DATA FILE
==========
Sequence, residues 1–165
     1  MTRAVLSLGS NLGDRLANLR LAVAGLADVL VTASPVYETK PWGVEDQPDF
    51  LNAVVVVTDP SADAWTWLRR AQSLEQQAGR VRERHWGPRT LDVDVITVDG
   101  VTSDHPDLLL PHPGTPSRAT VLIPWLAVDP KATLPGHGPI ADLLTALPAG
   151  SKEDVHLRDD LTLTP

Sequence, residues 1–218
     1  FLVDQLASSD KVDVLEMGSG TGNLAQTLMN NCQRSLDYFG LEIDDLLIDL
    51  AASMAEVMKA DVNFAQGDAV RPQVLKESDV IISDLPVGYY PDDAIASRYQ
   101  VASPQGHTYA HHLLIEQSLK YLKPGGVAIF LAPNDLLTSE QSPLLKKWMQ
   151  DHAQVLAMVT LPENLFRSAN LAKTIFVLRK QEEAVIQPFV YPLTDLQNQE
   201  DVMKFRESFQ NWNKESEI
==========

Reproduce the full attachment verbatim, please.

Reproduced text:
Sequence, residues 1–165
     1  MTRAVLSLGS NLGDRLANLR LAVAGLADVL VTASPVYETK PWGVEDQPDF
    51  LNAVVVVTDP SADAWTWLRR AQSLEQQAGR VRERHWGPRT LDVDVITVDG
   101  VTSDHPDLLL PHPGTPSRAT VLIPWLAVDP KATLPGHGPI ADLLTALPAG
   151  SKEDVHLRDD LTLTP

Sequence, residues 1–218
     1  FLVDQLASSD KVDVLEMGSG TGNLAQTLMN NCQRSLDYFG LEIDDLLIDL
    51  AASMAEVMKA DVNFAQGDAV RPQVLKESDV IISDLPVGYY PDDAIASRYQ
   101  VASPQGHTYA HHLLIEQSLK YLKPGGVAIF LAPNDLLTSE QSPLLKKWMQ
   151  DHAQVLAMVT LPENLFRSAN LAKTIFVLRK QEEAVIQPFV YPLTDLQNQE
   201  DVMKFRESFQ NWNKESEI